There, all the Score cards mixed with the Bowman and oddballs in a bizarre concoction that -- after the shock wore off of knowing I'd have to stop my reorganization for another reorganization -- I knew was not right.

Score and Bowman together? We can't have that.

Clearly Score is the better product and should have space to itself.

So, last night, I went about making sure that would happen.


Introducing the debut of my box of nothing except Score and Pinnacle (Oh and a few Pacific cards in the back).

This will come in handy as I assuredly add more Score cards in my collection. I see completing the 1991 Score set as a future endeavor since I already have so many. And since I like 1993 and 1994 Score quite a bit and really like '93 Select, who knows what will happen after that? This box better be as sturdy as that Montgomery Ward model.

Meanwhile, I stashed all my Bowman cards in a small box marked "1992 Donruss." That seems about right.

So those were all the card happenings on a day I didn't write about cards.

I'll leave you with one last card that I received recently from Max of Starting Nine.


This is a very cool although mystifying card of Roy Campanella. It was put out by the Baseball Card News, a well-known hobby publication from the '70s and '80s.

Apparently it was part of a set, according to the back:


There's some interesting card-back reading for ya.

The Trading Card Database lists 20 cards for the 1982 Baseball Card News set. There are three other Dodger cards in the '82 set and two Dodgers in what TCD lists as a six-card 1983 Baseball Card News set.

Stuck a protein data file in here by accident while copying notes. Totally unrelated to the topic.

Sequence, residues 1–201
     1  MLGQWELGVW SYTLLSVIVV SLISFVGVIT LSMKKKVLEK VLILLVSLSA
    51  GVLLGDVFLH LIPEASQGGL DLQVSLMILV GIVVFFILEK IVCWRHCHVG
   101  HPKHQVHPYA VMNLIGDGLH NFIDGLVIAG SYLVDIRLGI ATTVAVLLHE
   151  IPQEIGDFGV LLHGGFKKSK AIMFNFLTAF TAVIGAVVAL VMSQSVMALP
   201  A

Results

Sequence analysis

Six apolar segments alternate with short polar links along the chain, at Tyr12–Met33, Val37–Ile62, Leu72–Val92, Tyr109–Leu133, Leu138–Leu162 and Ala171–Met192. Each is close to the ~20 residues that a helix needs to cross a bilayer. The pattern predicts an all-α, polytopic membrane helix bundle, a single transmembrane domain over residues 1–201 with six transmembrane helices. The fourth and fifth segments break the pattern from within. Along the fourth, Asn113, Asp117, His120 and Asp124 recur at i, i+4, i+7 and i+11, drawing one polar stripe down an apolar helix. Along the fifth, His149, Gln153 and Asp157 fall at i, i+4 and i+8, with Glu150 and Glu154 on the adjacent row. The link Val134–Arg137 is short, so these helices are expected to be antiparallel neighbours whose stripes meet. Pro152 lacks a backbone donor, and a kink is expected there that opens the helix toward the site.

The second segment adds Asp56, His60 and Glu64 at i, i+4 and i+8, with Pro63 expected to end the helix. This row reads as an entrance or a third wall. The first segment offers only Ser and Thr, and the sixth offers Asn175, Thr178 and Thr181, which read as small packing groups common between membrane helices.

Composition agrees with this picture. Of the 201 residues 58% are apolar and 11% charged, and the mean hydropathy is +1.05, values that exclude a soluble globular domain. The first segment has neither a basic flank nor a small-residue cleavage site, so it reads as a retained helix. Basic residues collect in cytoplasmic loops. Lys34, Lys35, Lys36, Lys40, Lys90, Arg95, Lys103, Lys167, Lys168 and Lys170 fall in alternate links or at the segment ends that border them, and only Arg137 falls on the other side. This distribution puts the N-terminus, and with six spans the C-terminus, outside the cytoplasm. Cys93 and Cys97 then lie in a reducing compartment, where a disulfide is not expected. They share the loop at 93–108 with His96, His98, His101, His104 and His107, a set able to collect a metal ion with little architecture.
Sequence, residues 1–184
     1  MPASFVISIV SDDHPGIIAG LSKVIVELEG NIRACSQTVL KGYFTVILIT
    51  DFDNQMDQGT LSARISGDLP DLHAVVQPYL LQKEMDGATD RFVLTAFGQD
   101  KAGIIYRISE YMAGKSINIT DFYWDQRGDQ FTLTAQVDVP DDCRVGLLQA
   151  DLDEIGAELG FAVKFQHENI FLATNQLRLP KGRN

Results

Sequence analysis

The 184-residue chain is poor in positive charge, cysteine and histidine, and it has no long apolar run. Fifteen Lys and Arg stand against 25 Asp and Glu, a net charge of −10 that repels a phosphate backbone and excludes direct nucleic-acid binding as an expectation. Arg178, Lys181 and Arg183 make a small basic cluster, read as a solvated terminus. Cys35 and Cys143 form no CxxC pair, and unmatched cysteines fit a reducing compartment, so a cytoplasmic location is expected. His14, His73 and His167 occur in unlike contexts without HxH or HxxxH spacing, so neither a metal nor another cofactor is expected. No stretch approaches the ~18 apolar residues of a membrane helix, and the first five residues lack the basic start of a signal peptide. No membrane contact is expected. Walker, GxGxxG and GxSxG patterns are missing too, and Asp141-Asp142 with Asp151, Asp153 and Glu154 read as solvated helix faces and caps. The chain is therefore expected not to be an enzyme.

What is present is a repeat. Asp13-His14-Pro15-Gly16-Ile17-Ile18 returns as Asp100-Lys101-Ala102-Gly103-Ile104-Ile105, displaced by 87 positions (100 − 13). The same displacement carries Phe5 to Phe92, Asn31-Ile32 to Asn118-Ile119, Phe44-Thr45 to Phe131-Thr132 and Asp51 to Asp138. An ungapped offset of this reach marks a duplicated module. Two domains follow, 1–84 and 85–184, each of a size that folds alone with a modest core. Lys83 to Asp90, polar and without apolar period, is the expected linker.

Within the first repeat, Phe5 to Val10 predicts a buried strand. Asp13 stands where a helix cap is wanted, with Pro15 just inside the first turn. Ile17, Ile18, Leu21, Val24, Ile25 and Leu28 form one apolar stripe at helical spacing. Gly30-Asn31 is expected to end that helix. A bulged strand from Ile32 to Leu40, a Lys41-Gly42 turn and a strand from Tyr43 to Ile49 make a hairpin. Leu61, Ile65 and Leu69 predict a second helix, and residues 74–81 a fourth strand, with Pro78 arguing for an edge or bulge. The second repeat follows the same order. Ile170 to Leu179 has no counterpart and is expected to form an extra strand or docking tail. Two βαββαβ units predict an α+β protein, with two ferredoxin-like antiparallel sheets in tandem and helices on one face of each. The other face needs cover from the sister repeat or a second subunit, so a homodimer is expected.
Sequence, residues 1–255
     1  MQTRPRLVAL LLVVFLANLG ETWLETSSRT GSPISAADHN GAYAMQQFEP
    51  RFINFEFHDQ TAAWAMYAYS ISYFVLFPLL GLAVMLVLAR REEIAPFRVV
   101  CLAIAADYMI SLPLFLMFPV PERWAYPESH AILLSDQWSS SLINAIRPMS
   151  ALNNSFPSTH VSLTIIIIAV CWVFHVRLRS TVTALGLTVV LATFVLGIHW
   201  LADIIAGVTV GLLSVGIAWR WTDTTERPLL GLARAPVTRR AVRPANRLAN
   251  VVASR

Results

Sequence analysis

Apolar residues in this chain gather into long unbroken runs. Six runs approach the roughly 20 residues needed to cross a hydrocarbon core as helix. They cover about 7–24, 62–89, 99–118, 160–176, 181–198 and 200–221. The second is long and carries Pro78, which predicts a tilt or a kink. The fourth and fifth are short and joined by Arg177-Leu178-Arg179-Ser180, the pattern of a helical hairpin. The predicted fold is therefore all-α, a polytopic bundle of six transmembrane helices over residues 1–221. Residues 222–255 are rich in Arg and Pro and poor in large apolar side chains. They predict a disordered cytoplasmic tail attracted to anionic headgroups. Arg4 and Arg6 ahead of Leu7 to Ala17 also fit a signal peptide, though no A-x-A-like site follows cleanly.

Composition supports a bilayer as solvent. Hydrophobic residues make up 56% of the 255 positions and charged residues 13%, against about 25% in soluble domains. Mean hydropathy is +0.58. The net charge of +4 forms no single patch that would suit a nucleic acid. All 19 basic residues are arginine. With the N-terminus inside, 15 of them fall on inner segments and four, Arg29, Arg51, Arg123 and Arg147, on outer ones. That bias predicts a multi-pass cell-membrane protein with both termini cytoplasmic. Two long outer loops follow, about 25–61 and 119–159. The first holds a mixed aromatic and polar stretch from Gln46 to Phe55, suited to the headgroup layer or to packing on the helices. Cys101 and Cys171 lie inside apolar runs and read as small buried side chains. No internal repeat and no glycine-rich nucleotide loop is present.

I have some work to do.

Comments

  1. Organizing cards is such a great pastime. Really like seeing a card from the sixties front and center.

    ReplyDelete
  2. Apparently, Harry "The Hat" was the reason that Donn Clendenon refused to be sent to the Astros from the Expos before the 1969 season. (Walker had managed him in Pittsburgh, and Donn had had enough of The Hat.)

    So then Clendenon was traded to the Mets, and wound up as the World Series MVP in 1969. A great move by Clendenon (going from expansion team draft pick to Series MVP), and Mets' fans everywhere can be thankful that Donn and Harry didn't get along!

    ReplyDelete
    Replies
    1. (I forgot to clarify that Walker was the Astros' manager in 1969.)

      Delete
  3. Organizing cards is an activity on par with meditation - a nice zen like activity bringing order, peace and organization to a little bit of my world.

    ReplyDelete
  4. That's a great Night Card, and while it might be a little surprising you hadn't noticed it (in your defense, it's inside a dome) I'm a lot more surprised that some folks on your Twitter feed didn't know you collect Night Cards. Perhaps they don't read anything over 140 characters?

    The Campy card is superb. I've seen a few cards from that set pop up in COMC challenges.

    ReplyDelete
  5. I'm sure you've shown your Top 10/15 oldest night cards before... but how about a revised edition? Interested in seeing where a 1966 Topps card ranks on your list and what card is technically your oldest.

    ReplyDelete